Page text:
• Loddon Herald

Maxwell salutes victim ‘strength and bravery’

Northern Victoria Region MP Tania Maxwell has recognised victim-survivors’ strength and bravery for putting changes to Victoria’s criminal justice system in an eight-month parliamentary inquiry initiated by the Derryn Hinch’s Justice Party MP.

Ms Maxwell welcomed today’s release of the inquiry report by the Legislative Council Legal and Social Issues Committee – said its recommendations were influenced by victim-survivors’ submissions.


In a statement, she said:

“I stand here today to say I hear you, and this report is for you,” Ms Maxwell told victim-survivors seated in the Legislative Council gallery.

“I hope the recommendations in relation to victims of crime support will be accepted and

implemented by the government as soon as possible.

“Some of the these are not new to this Parliament and focus on the recurring theme that prevention and early intervention is essential for fair, just, safe communities.

“Some will require further debate, and while I made a deliberate decision not to submit a minority report, I will put on record my strong opposition to any watering down of practices or laws that protect our community from high-risk, violent offenders.

“We must make sure that any reforms brought about by this inquiry reduce risk, support community safety and balance the rights of victims over those of offenders.

“Otherwise, we may simply reduce statistics without actually reducing crime or the harm that

accompanies it.”

Ms Maxwell said victim-survivors’ decisions to share their experiences with the committee revealed deep and enduring suffering that usually flows from the impact of crime.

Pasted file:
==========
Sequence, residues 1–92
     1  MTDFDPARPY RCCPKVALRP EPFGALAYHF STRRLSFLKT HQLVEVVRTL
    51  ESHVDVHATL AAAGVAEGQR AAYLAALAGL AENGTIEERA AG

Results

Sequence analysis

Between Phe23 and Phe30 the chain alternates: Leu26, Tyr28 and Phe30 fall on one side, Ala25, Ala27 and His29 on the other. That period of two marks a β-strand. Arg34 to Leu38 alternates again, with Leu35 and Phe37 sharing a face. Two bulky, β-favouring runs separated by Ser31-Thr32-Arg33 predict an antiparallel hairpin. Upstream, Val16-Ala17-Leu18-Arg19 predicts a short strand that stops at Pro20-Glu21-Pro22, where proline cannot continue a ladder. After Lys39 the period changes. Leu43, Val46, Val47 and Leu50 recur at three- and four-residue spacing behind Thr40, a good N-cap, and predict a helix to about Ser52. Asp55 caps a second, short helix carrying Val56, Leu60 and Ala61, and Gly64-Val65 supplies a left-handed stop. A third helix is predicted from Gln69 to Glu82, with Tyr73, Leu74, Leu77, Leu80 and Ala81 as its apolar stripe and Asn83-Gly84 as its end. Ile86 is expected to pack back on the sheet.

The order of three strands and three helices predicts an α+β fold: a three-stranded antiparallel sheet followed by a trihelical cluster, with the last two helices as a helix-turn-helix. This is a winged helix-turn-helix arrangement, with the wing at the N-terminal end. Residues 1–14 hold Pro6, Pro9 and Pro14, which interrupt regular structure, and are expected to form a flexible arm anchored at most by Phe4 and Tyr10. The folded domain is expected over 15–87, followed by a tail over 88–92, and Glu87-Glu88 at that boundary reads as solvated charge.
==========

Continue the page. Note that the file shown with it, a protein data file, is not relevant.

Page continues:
“When I brought my referral motion to Parliament in June 2020, I noted that significantly driving down crime has to be a goal that we all share,” she said.

“With more than 50 per cent of people incarcerated in Victoria going on to re-offend, I wanted the committee to investigate the drivers of recidivism, how we safeguard our community against violent offenders, and also ensure our corrections system is sufficiently ‘corrective’ in its action and outcomes.

“This required considering the justice system across all stages and in its totality, from supporting at-risk and vulnerable children before they’re born, to crime prevention, policing, corrections and courts.

“We examined the opportunities for reform to break what is often a downward spiral of offending for those caught up in crime, and ultimately how we can limit the lifetime of suffering for those who are victims and survivors.

“I look forward to the government’s careful consideration of the 100 recommendations in this report and I will continue to advocate for their implementation, especially the 31 directed at better supporting victims of crime.”

Ms Maxwell also drew attention to apparent consensus in submissions by legal services and other stakeholders advancing an increase in the age of criminal responsibility to the committee.

“While this is something that may be considered by the government, I would emphasise that

without the implementation of evidence-based early interventions and primary prevention

frameworks, this would not be a sensible or practical initiative at this time,” she said.

“The report discussed diversion programs and other alternatives to incarceration for young people and I hope that those opportunities will be strongly considered by this government.”




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